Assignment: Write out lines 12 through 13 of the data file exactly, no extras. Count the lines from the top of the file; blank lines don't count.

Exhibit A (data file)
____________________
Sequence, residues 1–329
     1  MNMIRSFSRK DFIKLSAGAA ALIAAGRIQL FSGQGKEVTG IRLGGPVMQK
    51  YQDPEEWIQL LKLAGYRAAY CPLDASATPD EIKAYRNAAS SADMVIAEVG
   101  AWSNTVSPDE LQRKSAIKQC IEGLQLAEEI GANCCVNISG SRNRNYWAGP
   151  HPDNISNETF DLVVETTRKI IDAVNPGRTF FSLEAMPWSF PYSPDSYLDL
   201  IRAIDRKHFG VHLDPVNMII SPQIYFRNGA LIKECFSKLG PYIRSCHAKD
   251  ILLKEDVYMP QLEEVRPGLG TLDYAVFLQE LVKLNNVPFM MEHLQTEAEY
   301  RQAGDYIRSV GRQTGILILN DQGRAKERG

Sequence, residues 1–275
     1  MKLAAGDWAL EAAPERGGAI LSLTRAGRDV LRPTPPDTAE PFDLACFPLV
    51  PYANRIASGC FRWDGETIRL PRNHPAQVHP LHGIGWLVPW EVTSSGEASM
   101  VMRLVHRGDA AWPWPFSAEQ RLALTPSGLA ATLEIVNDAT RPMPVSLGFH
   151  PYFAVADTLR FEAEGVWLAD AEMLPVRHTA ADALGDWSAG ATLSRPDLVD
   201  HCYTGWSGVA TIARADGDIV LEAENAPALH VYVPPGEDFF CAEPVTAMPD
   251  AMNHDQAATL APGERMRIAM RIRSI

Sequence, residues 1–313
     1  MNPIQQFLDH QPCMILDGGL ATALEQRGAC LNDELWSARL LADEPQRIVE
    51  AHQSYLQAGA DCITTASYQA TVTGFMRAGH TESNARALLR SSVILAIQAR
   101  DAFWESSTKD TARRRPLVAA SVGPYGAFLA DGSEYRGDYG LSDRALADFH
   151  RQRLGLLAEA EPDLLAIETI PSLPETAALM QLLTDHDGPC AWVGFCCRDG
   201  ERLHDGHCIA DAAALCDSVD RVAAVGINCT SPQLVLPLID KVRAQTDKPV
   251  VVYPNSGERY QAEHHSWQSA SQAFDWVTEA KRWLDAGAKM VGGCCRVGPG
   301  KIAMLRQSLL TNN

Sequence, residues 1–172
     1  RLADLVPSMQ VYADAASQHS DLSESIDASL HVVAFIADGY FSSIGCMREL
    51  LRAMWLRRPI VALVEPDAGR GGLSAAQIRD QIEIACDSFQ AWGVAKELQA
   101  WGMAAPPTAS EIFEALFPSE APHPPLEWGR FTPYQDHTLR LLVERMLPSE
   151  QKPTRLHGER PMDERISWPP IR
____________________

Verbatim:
   101  VMRLVHRGDA AWPWPFSAEQ RLALTPSGLA ATLEIVNDAT RPMPVSLGFH
   151  PYFAVADTLR FEAEGVWLAD AEMLPVRHTA ADALGDWSAG ATLSRPDLVD